Tuesday, 30 September 2008

Washington's blame game

The House of Representatives vote to reject the $700 billion bailout, by 228 votes to 205, has sent shockwaves through the financial markets, hitting London this morning following the dramatic fall in the US in response yesterday.

Efforts are being made to rescue the rescue, but almost as much energy seems to be going into the blame game. House Republicans split two to one (65 to 133) against the bill, though 95 Democrats also opposed it, with 140 (60%) of Democrats in favour. That was about ideological aversion to government intervention - but it was also about electoral politics. Nate Silver's analysis shows that representatives in competitive races voted heavily against.

Still, Republicans want to blame House Speaker Nancy Pelosi for making a partisan speech, though it is hard to credit the idea that this could have swung a dozen Republican votes.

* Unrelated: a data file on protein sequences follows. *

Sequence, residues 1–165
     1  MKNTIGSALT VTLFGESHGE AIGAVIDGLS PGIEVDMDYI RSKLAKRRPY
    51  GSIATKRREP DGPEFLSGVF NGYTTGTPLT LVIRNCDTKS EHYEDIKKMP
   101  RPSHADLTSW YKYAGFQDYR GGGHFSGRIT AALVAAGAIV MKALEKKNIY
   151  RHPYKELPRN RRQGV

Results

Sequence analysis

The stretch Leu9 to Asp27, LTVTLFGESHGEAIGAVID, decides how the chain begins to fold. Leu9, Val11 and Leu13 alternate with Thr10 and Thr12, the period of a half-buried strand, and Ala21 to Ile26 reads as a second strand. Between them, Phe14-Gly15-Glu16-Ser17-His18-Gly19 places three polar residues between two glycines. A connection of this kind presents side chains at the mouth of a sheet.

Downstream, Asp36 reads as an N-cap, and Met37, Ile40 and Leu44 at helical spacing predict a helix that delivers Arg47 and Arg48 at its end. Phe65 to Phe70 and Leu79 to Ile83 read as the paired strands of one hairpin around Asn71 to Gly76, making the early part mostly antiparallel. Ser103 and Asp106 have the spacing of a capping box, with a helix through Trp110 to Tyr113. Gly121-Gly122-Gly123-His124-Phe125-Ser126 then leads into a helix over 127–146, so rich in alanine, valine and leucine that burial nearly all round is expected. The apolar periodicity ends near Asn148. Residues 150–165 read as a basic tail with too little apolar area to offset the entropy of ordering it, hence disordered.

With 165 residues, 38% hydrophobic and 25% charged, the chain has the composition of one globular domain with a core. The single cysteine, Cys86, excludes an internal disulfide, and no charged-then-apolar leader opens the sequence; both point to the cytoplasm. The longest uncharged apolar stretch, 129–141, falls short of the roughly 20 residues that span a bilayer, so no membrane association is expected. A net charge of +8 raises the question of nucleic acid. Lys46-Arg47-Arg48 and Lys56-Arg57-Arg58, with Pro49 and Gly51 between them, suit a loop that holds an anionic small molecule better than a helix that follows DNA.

Few have taken John McCain's dramatically erratic interventions in the bailout negotiations seriously - not least because he didn't manage to find time to read the original three page Bill, still less to express a clear view on it. But McCain had already claimed the credit for bringing the House Republicans on board, somewhat prematurely.

And John McCain's latest response - its time to leave the politics out of it, as long as everybody realises that this is the fault of Barack Obama and the Democrats!

Our leaders are expected to leave partisanship at the door and come to the table to solve our problems. Senator Obama and his allies in Congress infused unnecessary partisanship into the process. Now is not the time to fix the blame. It’s time to fix the problem.I would hope that all our leaders, all of them, can put aside short-term political goals and do what’s in the best interest of the American people.

Shameless. But at least it isn't working. The economic crisis has significantly damaged McCain's prospects of winning the White House.

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